Author: George Saunders
Type: Fiction, short story (Kindle single)
I read it: March 2016
Our book club just finished discussing Tenth of December, and someone commented about how the medium of the short story encourages artistic ambition when it comes to form. Saunders is all about form and the lyricality of language (not to the detriment of emotional impact, thankfully) which is further evidenced by a conversation between him and David Sedaris. He talks about following the story where it leads, and how avenues and detours can hinge on a single sentence, word, or syllable.
“Fox 8” is a letter written by a fox. It’s a completely misspelled, completely charming tract from an animal who discovers a “most amazing sound. Turns out, what that sound is, was: the Yuman voice, making werds. They sounded grate! They sounded like prety music!” Well, Mr. Saunders is in full command of his skills, because what he creates sounds amazing and prety and grate.
Plotwise, the story is kind of a super tight Watership Down, about a lower mammal coming to terms with encroaching humans. The poor fox has a childlike outlook, full of optimism and wonder (“Yumans! Always intresting.”), which inevitably sets him up for crushing despair. He basically wants to know wtf is up with human contradictions. You can see some of Saunders’ pet philosophies slipping in here, like when the fox wants to make peace with bears (bares) and “give them a speech about being nise.” A similar line popped up in “Tenth of December” when a dying character was regretting that he’d never be able to give his speech on compassion. Saunders did give that speech.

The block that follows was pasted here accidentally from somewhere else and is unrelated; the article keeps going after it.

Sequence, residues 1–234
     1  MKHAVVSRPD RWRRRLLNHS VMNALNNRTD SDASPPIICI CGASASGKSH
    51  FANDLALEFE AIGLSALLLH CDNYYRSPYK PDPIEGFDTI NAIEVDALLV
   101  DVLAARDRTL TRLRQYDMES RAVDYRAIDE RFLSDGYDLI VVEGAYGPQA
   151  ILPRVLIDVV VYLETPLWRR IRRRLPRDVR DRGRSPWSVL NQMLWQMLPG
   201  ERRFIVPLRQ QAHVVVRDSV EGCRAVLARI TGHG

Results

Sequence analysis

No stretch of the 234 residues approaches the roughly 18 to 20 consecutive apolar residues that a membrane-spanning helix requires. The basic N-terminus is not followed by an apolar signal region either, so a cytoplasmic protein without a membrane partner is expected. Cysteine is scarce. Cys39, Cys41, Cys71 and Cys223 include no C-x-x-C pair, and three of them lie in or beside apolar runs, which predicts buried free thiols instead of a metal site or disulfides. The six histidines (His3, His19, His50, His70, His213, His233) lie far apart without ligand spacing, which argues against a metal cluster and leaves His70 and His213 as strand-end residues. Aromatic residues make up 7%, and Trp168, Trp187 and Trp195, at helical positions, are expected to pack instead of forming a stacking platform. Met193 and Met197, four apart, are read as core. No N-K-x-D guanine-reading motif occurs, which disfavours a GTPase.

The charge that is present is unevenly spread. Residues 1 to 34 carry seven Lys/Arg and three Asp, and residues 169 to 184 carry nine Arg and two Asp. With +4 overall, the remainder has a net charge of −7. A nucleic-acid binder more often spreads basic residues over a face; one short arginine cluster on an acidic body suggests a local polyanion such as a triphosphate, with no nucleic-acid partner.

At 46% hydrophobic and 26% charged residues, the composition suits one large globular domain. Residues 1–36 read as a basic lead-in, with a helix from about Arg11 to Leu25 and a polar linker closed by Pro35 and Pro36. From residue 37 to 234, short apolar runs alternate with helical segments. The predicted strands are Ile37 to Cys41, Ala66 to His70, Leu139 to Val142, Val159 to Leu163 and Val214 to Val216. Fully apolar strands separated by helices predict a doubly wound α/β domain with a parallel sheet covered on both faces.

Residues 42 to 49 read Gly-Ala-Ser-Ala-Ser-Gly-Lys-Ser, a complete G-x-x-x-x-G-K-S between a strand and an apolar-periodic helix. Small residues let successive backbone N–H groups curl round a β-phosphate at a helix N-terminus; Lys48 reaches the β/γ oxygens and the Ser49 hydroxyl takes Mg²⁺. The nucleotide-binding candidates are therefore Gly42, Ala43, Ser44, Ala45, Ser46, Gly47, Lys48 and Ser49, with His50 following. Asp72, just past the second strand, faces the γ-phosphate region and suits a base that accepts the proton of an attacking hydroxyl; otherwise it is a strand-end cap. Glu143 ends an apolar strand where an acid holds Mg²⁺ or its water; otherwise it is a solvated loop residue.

I read this story twice, because after the linguistic ticks lodged into my brain I wanted to keep hearing that music. Not to mention letting the beautiful and devastating realizations sink in, which can make you float on a sunny day or pop and descend so heavily. Sometimes it all hinges on a werd.